Data can be a dangerous weapon. In public education, we use it to validate ideas, attack initiatives we are unsure of, and guide spending and policy decisions. Over the last decade, we’ve seen a massive transformation on data and research — what counts and what doesn’t, what’s good and what’s bad, what’s evidence-based and what’s purely squishy. Through it all, though, we clearly know that data is an important component to an effective argument.
Along the way, we have picked up a few key pointers. There is a difference between quantitative and qualitative research, with the former a stronger measure of effectiveness. A medical model with control groups is the ideal, but is also impossible to achieve in the schools, as no student or no class wants to be the one that receives no instruction at all, limited to sit there like a bump on a log as every other child learns. And methodology and documentation is king, particularly so others can scrutinize the process and replicate the research study to quiet the doubting Thomases.
When the National Reading Panel released its Teaching Children to Read report, it generated a firestorm of reaction and overreaction. Many questioned the personalities involved. Others scrutinized the methodology, and some the findings themselves. So it fell to Rutgers University Professor Greg Camilli to replicate the research. He applied a broader, more appeasing methodology, and found the same essential results as the NRP. So the research debate ended (and the field focused on fights over personalities and implementation.)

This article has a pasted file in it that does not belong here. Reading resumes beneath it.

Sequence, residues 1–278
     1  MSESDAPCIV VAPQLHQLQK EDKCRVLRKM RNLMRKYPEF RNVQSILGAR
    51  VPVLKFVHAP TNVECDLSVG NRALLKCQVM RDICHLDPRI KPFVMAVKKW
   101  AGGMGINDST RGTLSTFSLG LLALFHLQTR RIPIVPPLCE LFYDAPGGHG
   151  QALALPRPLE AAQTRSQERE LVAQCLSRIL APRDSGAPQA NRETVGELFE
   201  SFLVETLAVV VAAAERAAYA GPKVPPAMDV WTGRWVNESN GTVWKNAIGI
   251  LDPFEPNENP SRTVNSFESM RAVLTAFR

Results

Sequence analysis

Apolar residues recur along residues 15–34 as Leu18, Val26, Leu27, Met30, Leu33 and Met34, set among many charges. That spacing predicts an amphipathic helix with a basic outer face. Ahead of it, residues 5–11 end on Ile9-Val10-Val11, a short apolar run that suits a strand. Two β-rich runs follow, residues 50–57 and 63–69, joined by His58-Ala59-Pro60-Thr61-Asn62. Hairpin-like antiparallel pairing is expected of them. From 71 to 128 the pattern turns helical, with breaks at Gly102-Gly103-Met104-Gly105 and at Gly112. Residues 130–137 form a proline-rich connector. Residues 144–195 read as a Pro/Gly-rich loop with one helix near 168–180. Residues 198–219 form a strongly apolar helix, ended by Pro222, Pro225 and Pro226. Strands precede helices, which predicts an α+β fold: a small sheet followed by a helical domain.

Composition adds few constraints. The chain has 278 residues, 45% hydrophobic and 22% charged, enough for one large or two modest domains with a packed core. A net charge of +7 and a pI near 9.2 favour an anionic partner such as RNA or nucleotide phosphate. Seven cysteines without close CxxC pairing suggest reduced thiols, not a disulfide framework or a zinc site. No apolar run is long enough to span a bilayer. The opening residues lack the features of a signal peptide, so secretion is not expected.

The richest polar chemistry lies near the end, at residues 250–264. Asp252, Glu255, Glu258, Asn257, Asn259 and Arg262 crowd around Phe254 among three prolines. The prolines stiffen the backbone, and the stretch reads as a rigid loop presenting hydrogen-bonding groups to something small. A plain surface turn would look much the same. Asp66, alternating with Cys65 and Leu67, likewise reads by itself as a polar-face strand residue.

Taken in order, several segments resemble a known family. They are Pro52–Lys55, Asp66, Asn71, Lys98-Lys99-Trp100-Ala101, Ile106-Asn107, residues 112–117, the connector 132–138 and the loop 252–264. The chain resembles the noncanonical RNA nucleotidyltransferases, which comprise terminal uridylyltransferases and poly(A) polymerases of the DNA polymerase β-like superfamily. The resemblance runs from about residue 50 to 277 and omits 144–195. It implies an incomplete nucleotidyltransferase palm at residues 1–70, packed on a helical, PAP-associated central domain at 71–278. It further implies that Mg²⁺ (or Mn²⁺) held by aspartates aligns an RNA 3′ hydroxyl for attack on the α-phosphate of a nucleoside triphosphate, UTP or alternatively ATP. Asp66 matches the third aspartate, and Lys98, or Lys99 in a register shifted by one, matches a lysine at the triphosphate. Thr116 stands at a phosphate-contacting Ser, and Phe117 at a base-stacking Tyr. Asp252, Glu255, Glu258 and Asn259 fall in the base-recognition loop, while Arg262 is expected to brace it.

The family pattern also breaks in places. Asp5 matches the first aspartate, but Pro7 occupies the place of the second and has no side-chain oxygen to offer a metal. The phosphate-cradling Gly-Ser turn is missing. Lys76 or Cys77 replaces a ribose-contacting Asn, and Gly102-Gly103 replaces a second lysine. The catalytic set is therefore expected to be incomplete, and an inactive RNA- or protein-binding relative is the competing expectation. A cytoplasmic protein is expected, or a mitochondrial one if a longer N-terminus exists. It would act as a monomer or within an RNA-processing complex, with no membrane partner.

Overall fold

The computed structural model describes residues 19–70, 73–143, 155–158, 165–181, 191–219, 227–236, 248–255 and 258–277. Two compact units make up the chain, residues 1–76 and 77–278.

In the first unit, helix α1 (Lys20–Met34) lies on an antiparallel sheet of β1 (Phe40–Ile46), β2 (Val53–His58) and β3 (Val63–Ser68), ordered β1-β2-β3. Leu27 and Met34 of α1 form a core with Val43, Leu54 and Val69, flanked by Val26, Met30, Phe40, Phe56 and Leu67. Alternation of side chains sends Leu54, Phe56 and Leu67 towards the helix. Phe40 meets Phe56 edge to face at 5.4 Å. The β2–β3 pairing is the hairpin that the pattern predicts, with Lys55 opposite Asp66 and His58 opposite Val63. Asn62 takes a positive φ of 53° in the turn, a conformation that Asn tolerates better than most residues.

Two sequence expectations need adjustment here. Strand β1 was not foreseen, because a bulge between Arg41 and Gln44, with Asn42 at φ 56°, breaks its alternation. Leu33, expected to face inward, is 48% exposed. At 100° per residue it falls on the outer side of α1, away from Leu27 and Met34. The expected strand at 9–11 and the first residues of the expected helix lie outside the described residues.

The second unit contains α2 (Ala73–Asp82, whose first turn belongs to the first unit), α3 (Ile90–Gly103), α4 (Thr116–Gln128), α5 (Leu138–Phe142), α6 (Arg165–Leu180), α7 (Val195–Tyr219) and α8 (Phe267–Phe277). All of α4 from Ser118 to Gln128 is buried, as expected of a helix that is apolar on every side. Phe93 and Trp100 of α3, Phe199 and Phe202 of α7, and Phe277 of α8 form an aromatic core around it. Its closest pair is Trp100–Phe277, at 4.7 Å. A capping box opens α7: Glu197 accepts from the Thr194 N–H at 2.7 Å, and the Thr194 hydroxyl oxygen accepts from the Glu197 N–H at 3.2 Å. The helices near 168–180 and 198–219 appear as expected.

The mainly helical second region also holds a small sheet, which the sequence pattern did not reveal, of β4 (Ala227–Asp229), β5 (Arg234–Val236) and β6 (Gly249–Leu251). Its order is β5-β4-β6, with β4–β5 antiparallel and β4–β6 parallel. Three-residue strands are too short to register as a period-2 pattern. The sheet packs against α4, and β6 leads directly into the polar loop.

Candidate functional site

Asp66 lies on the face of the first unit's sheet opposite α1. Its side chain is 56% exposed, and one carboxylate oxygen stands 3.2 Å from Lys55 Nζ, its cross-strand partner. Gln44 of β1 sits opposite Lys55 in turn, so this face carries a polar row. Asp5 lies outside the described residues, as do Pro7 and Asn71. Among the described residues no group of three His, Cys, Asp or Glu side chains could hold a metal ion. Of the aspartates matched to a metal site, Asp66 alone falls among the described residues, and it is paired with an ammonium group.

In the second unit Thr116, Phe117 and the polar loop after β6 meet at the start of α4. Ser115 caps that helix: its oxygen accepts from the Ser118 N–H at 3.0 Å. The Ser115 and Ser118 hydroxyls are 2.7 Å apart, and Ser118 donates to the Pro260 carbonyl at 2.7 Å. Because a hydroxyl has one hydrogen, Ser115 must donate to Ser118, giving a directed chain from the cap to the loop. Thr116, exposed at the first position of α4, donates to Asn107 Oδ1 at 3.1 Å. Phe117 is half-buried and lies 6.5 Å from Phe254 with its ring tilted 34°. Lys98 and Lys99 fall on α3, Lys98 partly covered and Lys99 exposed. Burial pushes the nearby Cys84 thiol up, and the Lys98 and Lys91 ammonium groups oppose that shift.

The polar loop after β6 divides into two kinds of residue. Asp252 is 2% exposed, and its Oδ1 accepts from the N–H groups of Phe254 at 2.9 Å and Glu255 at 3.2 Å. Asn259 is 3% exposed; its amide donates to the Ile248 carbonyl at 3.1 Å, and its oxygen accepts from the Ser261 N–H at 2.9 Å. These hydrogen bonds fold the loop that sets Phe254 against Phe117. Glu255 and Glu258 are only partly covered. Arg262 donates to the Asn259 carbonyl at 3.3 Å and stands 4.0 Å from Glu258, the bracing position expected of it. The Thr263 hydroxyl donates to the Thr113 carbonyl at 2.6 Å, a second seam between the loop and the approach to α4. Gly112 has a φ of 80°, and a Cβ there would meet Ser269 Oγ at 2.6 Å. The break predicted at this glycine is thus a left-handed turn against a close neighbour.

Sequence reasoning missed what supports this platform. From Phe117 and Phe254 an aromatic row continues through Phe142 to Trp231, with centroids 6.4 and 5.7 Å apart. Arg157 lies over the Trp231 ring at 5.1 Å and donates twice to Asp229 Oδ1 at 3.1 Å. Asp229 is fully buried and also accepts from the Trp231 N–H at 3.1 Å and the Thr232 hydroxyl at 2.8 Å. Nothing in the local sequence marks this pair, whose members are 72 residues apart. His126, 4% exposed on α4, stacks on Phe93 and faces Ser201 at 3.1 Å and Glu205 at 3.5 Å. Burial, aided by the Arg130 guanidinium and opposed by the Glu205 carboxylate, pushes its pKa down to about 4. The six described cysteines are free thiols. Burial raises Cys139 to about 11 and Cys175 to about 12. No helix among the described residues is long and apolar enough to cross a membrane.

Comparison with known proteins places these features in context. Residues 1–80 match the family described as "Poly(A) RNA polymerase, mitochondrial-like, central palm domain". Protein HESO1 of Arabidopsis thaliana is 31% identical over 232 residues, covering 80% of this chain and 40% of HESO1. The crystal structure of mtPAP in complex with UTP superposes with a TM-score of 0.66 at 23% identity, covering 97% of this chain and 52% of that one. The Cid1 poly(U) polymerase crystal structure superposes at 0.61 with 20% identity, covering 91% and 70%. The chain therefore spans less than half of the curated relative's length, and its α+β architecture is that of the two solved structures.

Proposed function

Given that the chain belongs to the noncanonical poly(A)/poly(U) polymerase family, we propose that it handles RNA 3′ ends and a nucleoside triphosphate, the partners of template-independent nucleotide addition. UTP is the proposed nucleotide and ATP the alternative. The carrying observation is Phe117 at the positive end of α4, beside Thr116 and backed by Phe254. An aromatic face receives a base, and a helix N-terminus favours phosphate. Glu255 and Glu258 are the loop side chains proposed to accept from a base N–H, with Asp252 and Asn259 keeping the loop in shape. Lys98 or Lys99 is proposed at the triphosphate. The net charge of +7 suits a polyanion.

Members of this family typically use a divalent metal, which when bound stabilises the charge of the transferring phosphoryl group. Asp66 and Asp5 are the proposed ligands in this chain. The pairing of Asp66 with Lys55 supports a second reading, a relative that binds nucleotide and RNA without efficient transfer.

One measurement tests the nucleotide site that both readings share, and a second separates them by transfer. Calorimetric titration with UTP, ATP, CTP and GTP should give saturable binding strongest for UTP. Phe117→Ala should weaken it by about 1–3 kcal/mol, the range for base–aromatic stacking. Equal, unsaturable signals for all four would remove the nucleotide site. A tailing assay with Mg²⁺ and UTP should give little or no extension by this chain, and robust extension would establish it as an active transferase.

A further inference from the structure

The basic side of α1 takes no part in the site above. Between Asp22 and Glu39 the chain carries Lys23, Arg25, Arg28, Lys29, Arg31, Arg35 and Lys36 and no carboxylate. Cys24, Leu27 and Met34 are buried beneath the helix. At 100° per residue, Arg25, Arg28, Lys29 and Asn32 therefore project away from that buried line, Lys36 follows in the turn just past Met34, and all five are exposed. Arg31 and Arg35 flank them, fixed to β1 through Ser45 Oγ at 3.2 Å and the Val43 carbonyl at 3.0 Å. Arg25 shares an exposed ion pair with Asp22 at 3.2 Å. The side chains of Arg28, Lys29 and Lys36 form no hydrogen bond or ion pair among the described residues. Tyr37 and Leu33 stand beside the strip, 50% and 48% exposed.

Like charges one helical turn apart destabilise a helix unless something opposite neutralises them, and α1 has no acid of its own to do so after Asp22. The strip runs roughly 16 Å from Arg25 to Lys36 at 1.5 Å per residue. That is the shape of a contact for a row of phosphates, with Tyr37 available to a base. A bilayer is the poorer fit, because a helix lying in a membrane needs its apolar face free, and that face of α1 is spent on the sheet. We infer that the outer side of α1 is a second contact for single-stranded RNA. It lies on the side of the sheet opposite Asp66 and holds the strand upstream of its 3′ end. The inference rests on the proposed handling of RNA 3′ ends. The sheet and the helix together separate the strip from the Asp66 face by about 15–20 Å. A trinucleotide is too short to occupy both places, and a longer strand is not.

When the Institute for Education Sciences released its Reading First Impact Study last year, it was seen as the final nail in the RF coffin. Here was the gold standard in research models — IES — finding that there was no measurable impact of the high profile reading initiative. But those who take a closer look at the research saw real problems in the methodology. First, the study did not take the issue of “contamination” into question, all but saying that students in RF schools received different instruction, different textbooks, and differently trained and supported teachers than those in non-RF schools. We know that is not the case. But even more damning is that the Impact Study looked at a relatively small sample size to reach its conclusions, and did so in a way that the research can never be replicated. There is no public record of what actual schools were studied. And there is little hope that such information could ever be obtained through Freedom of Information Act requests. So hundreds of millions of dollars in education policy has been decided by a study with questionable methodology that can never be validated and replicated by another researcher, as the field scrambles to try and validate (or invalidate) the findings.
Why all of this background? To show that the quality of research and the transparency of the process is key. We trust that the evidence will guide us to strong policy and funding decisions. We look for the data, believing the numbers will serve as a compass pointing toward student achievement. And despite Mark Twain’s warnings about statistics, we still hold them to be a primary driver in our decisionmaking. Citing data and research studies is often the final piece to closing a deal in education improvement these days.